TEHRAN (FNA) – A Russian decision to halt the supply of enriched uranium to US power companies would take many of America’s nuclear reactors offline within a year, leading to a spike in electricity prices beyond the current price inflation, and potentially leaving some areas of the country unable to meet demand, an analysis in The Hill of “Russia’s nuclear power dominance” warned.
The report, penned by former Department of Energy Under Secretary Paul Dabbar and Columbia University energy researcher Matt Bowen, pointed out that nuclear power accounts for more than 20 percent of US electricity generation capacity. Nearly half of the uranium used by the country’s 56 operational nuclear power plants is imported from Russia, Kazakhstan, and Uzbekistan.
Dabbar and Bowen noted that although Russia only mines six percent of the world’s uranium, it controls some 40 percent of the global uranium conversion market, and 46 percent of total uranium enrichment capacity.
Other countries are even more dependent on Russia for their nuclear power generation needs, the authors wrote, with Finland, the Czech Republic, Hungary, Finland, and Turkey reliant on Russian state nuclear giant Rosatom for everything from uranium mining, milling, conversion, enrichment, and fuel fabrication to the construction and servicing of state-of-the-art reactors.
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Dabbar and Bowen urged Western leaders to “immediately consider their exposure to Russian nuclear exports and to take steps to reduce it or face another energy shock at the hands of [President Vladimir] Putin”, and urged the US federal government to provide assistance and incentives for US-based uranium conversion and enrichment facilities to rebuild the country’s dilapidated nuclear fuel supply chain.
The report’s authors did not specify why “Putin” or Russia would move to deprive the US or Europe of their nuclear energy-related resource needs. In recent months, notwithstanding the Ukraine crisis, the Russian state and major companies, including Rosatom, Gazprom, and Rosneft, have so far committed to continue delivering on contracts with their commercial partners, with the caveat that gas purchased by countries which have sanctioned Russia be paid in rubles.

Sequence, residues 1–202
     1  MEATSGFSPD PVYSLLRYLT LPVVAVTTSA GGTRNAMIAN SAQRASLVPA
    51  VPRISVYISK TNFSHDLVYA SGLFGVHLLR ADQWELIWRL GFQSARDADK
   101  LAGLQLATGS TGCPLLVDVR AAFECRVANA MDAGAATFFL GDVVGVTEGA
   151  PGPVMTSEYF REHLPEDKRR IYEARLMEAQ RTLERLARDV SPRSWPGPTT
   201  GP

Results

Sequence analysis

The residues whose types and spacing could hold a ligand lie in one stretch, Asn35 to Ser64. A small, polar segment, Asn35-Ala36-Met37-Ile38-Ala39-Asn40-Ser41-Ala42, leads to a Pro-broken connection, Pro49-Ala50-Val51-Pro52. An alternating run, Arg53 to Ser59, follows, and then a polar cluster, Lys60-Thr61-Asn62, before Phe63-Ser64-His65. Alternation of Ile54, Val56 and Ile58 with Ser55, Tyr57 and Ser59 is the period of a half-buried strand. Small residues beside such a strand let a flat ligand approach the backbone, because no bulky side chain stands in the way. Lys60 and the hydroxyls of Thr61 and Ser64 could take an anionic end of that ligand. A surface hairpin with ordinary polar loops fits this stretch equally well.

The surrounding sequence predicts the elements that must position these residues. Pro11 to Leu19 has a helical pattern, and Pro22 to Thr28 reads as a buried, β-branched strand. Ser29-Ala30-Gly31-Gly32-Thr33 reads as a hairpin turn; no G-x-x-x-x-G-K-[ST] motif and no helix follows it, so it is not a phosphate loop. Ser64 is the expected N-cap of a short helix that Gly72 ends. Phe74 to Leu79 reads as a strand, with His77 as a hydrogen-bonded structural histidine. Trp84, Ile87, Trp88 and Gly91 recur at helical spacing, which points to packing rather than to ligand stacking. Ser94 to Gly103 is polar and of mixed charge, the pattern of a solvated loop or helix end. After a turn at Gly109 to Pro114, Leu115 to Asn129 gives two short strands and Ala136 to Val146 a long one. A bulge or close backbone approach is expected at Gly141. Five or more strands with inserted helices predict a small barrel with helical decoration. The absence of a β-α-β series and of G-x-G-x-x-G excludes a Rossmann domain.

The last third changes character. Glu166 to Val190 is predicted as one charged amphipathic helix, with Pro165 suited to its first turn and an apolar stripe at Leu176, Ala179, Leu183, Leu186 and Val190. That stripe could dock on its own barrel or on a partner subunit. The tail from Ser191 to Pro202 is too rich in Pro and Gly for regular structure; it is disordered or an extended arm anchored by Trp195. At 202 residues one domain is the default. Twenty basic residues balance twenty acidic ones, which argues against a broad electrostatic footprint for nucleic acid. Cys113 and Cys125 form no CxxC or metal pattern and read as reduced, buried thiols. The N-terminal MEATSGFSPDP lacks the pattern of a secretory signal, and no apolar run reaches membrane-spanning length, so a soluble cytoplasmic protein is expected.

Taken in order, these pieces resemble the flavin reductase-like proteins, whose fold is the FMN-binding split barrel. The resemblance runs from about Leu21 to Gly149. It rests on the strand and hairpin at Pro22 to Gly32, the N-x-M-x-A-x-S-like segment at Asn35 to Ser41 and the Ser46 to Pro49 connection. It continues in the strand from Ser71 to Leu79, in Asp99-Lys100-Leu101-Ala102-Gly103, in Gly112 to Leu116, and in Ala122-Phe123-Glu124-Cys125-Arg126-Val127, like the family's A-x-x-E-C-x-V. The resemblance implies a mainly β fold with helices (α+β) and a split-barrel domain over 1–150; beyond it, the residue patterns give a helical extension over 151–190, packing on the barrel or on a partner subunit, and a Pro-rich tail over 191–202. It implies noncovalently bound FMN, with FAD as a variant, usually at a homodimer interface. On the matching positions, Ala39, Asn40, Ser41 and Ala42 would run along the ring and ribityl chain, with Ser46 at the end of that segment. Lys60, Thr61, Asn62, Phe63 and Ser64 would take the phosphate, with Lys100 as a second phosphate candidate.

In March, Russian Deputy Prime Minister Alexander Novak noted Moscow was considering a ban on uranium exports to the US in response to Washington’s sanctions, but no final decision on the matter has been made.
Putin and other officials have looked on with bewilderment at decisions made by Western countries to cut down reliance on Russian energy deliveries. Last month, the Russian president lamented the European Union’s decision to commit “economic suicide” by reducing purchases of Russia’s gas, saying it would not only result in high prices for consumers, but undermine the competitiveness of European industry globally.
“Such an economic auto-da-fe…is of course the internal affair of European countries. We must proceed pragmatically and primarily from our own economic interests,” Putin stated.
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US President Joe Biden signed an executive order in March banning the import of Russian energy, but left uranium off Washington’s list of banned items, reportedly following heavy lobbying from the National Energy Institute, a trade group of large US nuclear power generation companies.
Russian oil accounted for just one percent of US consumption, but its loss has had a noticeable impact on US energy prices, with gasoline prices reaching an unprecedented high of over $5 a gallon last week. Biden has blamed Putin, US oil companies, the coronavirus, and even US aid to Ukraine for the crisis, but not his own administration’s policies.
The US has been dependent on Russian uranium imports since the early 1990s. In 1993, then-Vice President Al Gore and Russian premier Viktor Chernomyrdin signed a 20-year, $11.9 billion deal for the delivery of more than 550 metric tonnes of highly enriched uranium extracted from scrapped Soviet nuclear warheads. These deliveries wound up supplying about 10 percent of all electricity generated in the United States over the next 15 years, and pumping out over seven billion megawatt hours of energy.
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